Stage one: Cavendish in pink as Columbia prove their point to Garmin

Photo galleries

Stage nine photo gallery

Stage eight photo gallery

Stage seven photo gallery

Stage six photo gallery

Stage five photo gallery

Stage four photo gallery

Stage three photo gallery

Stage two photo gallery

Stage one photo gallery

Desktop wallpaper photos


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2009 Giro d'Italia guide and features

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Brits in the Giro 2009

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2008 Giro d'Italia archive

Giro d'Italia 2008 coverage index - race reports, photos, results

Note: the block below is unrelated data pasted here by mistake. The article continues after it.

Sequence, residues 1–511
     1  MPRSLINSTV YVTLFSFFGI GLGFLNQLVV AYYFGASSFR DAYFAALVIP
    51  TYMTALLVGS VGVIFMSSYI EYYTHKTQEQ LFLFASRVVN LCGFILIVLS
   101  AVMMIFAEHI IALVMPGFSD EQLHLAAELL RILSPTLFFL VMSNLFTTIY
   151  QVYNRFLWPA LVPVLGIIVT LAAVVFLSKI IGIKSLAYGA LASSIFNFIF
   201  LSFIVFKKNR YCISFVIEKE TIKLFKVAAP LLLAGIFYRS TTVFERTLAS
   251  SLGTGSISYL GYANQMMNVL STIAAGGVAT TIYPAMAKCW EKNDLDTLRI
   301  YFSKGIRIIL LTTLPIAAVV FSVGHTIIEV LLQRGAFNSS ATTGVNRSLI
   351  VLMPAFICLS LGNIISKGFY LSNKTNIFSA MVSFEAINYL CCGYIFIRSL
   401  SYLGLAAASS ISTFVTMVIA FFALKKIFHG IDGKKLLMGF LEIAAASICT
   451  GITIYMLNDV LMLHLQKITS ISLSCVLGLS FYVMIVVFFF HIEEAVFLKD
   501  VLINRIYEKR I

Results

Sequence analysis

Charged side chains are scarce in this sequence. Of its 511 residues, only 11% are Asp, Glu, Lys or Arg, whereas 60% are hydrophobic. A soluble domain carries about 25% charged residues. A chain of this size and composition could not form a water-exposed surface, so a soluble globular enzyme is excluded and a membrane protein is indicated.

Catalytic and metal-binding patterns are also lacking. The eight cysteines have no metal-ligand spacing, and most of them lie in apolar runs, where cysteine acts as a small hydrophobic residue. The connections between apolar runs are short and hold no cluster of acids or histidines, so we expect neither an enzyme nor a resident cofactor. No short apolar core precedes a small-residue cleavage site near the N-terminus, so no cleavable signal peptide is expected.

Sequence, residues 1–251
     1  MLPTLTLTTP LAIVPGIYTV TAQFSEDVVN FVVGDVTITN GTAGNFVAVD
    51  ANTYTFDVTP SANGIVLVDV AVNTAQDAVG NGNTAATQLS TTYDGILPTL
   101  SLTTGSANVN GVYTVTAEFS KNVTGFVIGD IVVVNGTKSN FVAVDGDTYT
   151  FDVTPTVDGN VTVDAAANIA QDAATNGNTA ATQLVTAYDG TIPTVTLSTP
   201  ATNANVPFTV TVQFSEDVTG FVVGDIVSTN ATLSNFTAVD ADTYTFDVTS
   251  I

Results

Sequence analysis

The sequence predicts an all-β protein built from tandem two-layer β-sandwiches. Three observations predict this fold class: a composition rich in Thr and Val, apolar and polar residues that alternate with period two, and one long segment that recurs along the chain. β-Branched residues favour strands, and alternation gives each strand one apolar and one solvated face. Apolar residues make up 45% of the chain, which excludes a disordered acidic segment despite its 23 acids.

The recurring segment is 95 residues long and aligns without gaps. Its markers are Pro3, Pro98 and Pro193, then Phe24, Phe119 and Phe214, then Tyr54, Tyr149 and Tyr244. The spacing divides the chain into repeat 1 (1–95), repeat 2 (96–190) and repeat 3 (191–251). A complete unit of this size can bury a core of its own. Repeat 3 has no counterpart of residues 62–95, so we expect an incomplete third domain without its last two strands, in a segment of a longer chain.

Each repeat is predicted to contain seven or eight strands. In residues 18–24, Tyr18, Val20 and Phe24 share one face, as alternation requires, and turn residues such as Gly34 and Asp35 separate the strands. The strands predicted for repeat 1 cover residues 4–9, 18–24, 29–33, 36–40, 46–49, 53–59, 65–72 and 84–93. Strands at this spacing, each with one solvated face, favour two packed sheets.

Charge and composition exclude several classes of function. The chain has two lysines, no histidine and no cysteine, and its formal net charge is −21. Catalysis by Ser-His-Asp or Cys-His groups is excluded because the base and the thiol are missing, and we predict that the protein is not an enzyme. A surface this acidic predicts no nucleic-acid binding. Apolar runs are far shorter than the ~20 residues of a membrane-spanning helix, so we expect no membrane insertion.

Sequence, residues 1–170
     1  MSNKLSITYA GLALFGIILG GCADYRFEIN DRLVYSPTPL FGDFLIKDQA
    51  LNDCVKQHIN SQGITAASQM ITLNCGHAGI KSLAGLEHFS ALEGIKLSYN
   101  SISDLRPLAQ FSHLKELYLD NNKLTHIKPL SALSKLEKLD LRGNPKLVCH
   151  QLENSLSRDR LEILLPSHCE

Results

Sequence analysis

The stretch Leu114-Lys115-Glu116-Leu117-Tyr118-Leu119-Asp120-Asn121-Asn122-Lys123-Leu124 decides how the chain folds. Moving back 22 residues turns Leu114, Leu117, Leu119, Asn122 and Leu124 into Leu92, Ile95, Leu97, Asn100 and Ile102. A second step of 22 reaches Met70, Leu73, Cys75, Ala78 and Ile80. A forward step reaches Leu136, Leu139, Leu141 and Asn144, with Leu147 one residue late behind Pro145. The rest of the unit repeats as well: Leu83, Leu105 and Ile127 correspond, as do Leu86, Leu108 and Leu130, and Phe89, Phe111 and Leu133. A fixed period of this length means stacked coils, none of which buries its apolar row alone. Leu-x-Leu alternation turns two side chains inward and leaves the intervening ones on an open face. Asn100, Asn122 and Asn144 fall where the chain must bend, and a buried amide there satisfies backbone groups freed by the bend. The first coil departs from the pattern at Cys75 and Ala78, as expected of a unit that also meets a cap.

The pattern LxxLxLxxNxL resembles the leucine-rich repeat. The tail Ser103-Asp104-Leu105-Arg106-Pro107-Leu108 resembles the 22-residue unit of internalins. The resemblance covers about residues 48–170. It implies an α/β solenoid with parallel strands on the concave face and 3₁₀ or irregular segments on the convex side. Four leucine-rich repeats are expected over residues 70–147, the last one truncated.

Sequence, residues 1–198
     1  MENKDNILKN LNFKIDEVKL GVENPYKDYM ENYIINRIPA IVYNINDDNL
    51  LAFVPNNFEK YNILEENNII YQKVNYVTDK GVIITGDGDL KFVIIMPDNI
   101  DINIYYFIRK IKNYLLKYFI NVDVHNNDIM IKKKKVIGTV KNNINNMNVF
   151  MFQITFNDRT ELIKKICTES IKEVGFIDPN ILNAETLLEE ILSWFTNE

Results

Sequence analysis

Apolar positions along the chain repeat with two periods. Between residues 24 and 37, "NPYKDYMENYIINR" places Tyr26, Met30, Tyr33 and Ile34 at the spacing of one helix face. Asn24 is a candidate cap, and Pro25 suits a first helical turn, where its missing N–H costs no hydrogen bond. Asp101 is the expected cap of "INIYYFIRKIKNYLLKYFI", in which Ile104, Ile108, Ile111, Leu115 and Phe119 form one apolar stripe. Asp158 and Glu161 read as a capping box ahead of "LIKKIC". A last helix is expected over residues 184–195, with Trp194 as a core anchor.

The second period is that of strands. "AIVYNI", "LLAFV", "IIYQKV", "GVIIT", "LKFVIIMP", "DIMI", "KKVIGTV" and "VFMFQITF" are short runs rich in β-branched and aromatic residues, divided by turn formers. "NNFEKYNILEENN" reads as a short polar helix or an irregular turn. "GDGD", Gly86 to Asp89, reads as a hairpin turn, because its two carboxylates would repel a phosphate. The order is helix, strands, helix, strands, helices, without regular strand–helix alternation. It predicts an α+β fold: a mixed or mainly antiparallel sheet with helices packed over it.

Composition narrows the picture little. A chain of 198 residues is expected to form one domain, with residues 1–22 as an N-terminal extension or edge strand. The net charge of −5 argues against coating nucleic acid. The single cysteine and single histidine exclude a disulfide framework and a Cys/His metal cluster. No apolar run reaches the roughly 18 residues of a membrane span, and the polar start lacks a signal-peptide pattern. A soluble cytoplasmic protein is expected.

From rule Britannia to cruel Britannia

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Five days to go, what's in store?

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Giro d'Italia 2008: Rest day review (May 19)

Giro d'Italia 2008 preview

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Nigel Wynn
Former Associate Editor

Nigel Wynn worked as associate editor on, he worked almost single-handedly on the Cycling Weekly website in its early days. His passion for cycling, his writing and his creativity, as well as his hard work and dedication, were the original driving force behind the website’s success. Without him, would certainly not exist on the size and scale that it enjoys today. Nigel sadly passed away, following a brave battle with a cancer-related illness, in 2018. He was a highly valued colleague, and more importantly, an exceptional person to work with - his presence is sorely missed.